SWS – Work and Family2021-09-17T16:12:41-04:00

Work and Family

The equal participation of women in politics and government is integral to building strong communities and a vibrant democracy in which women and men can thrive. By voting, running for office, and engaging in civil society as leaders and activists, women shape laws, policies, and decision-making in ways that reflect their interests and needs, as well as those of their families and communities.

Today, women constitute a powerful force in the electorate and inform policymaking at all levels of government. Yet, women continue to be underrepresented in governments across the nation and face barriers that often make it difficult for them to exercise political power and assume leadership positions in the public sphere. This chapter presents data on several aspects of women’s involvement in the political process in the United States: voter registration and turnout, female state and federal elected and appointed representation, and state-based institutional resources for women. It examines how women fare on these indicators of women’s status, the progress women have made and where it has stalled, and how racial and ethnic disparities compound gender disparities in specific forms of political participation.

Details

Map Description, legend or descriptive text

Section Links

Score by State – Graph
Link to Section/Data

Political Participation Rank and Score by State

Gender Segregation in Fields of Study at Community Colleges and Implications for Future Earnings

DOWNLOAD REPORT Postsecondary education yields myriad benefits, including increased earnings potential, higher lifetime wages, and access to quality jobs. But postsecondary degrees are not all equalin the benefits they bring to students and women tend to obtain degrees in fields with lower earnings. [...]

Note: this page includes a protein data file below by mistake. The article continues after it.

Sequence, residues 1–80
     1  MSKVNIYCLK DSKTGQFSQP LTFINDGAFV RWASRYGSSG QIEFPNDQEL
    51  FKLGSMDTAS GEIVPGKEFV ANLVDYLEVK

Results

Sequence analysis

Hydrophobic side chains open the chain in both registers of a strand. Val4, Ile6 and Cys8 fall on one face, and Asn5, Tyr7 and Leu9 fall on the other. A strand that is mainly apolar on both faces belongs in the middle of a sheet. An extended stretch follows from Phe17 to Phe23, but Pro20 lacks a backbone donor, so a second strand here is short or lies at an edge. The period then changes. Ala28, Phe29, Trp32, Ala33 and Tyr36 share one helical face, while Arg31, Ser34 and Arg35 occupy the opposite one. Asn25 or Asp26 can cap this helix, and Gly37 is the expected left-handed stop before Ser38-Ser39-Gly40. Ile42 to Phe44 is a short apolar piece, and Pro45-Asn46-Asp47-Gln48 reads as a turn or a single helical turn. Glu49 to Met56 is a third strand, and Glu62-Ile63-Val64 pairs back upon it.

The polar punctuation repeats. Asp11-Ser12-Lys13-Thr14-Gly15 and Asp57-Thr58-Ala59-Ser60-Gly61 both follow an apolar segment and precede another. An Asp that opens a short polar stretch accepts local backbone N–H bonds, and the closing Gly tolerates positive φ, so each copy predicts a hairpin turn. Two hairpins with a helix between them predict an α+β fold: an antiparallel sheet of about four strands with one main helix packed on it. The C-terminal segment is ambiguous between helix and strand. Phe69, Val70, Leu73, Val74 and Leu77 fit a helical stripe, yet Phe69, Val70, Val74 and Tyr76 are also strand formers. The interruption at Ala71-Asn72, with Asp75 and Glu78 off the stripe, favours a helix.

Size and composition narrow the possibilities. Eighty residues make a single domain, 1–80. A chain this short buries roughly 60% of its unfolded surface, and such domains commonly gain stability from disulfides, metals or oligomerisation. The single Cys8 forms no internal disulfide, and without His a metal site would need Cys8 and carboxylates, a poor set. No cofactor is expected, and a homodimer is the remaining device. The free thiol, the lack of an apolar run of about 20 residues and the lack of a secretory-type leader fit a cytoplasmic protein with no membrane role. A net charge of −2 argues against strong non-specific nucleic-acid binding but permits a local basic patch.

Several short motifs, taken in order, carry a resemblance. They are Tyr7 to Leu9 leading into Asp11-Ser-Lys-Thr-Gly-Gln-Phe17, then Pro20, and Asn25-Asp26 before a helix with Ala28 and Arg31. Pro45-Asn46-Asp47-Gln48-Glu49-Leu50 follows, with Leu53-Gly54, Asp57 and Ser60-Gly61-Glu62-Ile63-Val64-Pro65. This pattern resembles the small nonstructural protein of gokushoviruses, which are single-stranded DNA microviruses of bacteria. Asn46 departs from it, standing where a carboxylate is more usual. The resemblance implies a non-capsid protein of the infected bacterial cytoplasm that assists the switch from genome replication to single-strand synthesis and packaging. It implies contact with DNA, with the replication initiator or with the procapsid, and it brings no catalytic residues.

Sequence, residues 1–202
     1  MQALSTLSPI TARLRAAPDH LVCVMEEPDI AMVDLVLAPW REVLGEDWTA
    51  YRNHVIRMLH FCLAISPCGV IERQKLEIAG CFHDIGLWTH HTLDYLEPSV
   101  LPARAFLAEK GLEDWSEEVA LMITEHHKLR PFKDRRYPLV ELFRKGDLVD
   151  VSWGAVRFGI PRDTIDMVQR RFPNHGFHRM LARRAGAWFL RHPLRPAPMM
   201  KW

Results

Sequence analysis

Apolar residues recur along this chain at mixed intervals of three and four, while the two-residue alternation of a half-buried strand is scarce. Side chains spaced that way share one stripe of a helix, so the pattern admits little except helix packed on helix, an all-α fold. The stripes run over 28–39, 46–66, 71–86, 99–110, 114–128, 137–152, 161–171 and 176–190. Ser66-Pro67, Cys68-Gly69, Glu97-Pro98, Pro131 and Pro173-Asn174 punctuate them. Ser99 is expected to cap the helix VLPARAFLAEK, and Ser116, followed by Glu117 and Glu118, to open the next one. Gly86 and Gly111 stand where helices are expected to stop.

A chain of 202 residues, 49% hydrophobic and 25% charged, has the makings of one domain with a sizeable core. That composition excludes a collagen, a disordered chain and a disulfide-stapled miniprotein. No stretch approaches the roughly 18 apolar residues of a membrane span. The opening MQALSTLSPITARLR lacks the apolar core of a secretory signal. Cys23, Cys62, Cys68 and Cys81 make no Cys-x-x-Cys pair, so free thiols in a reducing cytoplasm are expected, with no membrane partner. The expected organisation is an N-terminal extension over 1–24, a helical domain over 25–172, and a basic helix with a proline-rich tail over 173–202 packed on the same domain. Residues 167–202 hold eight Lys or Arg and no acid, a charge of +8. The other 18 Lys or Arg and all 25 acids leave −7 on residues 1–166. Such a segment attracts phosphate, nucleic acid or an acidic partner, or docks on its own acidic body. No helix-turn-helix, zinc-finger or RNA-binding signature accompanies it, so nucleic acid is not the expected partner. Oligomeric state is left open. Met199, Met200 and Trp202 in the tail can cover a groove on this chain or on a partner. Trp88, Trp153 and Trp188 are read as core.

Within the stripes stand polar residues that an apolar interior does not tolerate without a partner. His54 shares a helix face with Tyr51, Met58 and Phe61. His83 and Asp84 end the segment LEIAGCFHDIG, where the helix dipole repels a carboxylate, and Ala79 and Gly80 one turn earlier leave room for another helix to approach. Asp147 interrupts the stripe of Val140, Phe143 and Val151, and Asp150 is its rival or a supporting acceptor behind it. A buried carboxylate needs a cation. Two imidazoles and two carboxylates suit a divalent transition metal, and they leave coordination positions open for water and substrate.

Housing Resources and Programs for Single Student Parents at Community and Technical Colleges

DOWNLOAD REPORT Parents with dependent children now make up almost one in four students pursuing higher education in the United States (Miller, Gault and Thorman 2011). Single parents face particular challenges pursuing higher education, including securing safe and affordable housing. Single mothers often [...]

Increasing Opportunities for Low-Income Women and Student Parents in Science, Technology, Engineering, and Math at Community Colleges

Drawing on a literature and program review, analysis of publicly available data, and consultations with experts in the field, this report examines opportunities for women and student parents to pursue and succeed in STEM fields at community colleges.

By |March 20, 2012|Report, Student Parent Success Initiative|

Retirement on the Edge: Women, Men, and Economic Insecurity After the Great Recession

The IWPR/Rockefeller Survey addressed the extent of economic security almost a year and a half after the recession officially ended. Many of the survey’s findings are detailed in the report, Women and Men Living On the Edge: Economic Insecurity After the Great Recession (Hayes and Hartmann 2011).

By |September 30, 2011|Report|

Women and Men Living on the Edge: Economic Insecurity After the Great Recession

The IWPR/Rockefeller Survey of Economic Security, like several other recent surveys, finds that the effects of the 2007–2009 recession, known as the Great Recession, are both broad and deep. The IWPR/Rockefeller survey shows that more than one and a half years after the recession came to an official end, and the recovery supposedly began, many women and men report that they are still suffering significant hardships.

By |September 30, 2011|Report|
Go to Top